Jennifer Tolle Whiteside President and CEO NCCF
Three named to statewide board NCCF’s board has appointed three new directors to the statewide board, according to Board Chair Linda Staunch. Named were Peter M. Bristow, Hilda Pinnix-Ragland and John Willingham. Bristow is president of First Citizens Bank. Pinnix-Ragland is a corporate officer and vice president of public affairs for Duke Energy. Willingham is president of Indera Mills, which produces thermal underwear. In case you missed our announcement earlier this year, we invite you to visit our website at nccommunityfoundation.org and click on the Meet our board tab to see their complete biographies.
NCCF announces staff updates NCCF is so pleased to welcome two new members to our team! Marirose Steigerwald (left) is our new director of Operations. Sheila Cratch has been hired as the administrative assistant for both the Community Leadership and Development teams. We also recently updated the titles of our regional associates, who are now referred to as regional directors. Titles were expanded to more aptly reflect the scope and depth of this position’s duties in their capacities to facilitate board leadership and the boards’ work to grow philanthropy, build endowments and administer local grantmaking in their communities. NCCF has eight regional directors who oversee affiliate activities across the state.
Women’s giving programs strong and growing at NCCF
Courtesy of The Daily Advance
NCCF is proud to be carving out a strong and growing niche in women’s giving programs across the state. And our pride is not without merit, as grantmaking from regional women’s giving programs and the statewide women’s fund neared $214,000 last fiscal year, which ended March 31, 2016.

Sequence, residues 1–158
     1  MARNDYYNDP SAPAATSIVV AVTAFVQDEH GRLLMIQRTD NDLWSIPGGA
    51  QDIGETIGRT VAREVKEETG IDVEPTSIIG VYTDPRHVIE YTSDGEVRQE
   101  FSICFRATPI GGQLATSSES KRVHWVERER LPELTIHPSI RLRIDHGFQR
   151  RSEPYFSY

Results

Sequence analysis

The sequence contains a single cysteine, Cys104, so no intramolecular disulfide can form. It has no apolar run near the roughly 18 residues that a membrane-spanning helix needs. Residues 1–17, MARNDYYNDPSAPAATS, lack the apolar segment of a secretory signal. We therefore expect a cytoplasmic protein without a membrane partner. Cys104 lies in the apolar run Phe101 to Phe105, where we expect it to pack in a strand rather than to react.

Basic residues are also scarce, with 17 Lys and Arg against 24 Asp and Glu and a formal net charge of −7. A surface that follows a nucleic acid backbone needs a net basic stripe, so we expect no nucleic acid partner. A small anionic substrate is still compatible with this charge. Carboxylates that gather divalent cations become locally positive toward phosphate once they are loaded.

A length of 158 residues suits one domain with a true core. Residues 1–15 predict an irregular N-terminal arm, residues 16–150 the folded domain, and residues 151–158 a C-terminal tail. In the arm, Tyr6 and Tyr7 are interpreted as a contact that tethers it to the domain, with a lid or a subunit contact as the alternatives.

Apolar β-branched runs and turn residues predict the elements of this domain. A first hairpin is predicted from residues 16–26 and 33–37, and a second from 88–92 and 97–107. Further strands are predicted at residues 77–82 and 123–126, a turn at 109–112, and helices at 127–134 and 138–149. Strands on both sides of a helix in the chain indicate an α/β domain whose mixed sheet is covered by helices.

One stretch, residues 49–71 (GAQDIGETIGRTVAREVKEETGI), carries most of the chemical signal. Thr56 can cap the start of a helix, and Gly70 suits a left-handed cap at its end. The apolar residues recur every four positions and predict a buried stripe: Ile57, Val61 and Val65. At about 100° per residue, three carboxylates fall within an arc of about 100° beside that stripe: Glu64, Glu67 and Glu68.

Power of the Purse is an annual event that boosts local grantmaking for the Women Givers of Eastern North Carolina.
North Carolina Community Foundation
Three of NCCF’s women’s giving programs achieved laudable milestones last year. The Women’s Giving Network of Wake County reached the $1 million mark in cumulative grantmaking since it began nine years ago, a feat that was celebrated in December. The Women’s Impact Network of New Hanover County has reached and, indeed, exceeded their first $100,000 in cumulative grants in just four short years. And TAG, or The Art of Giving, also reached its first $100,000 in grants since it began seven years ago. (TAG is a Triangle-wide collective that is a partnership between NCCF and the Triangle Community Foundation.) Other local women’s giving circles supported by NCCF include the Bertie-Hertford Women’s Fund; Cary Women’s Giving Network; Currituck-
The Women’s Giving Network of Wake County has exceeded the $1 million mark in grants, and toasted this achievement at year-end. Dare Women’s Fund; Moore Women – A Giving Circle; Women Givers of Nash-Rocky Mount; and Women Givers of Northeast North Carolina (serving Camden, Gates, Pasquotank and Perquimans counties). “Whether big or small, we can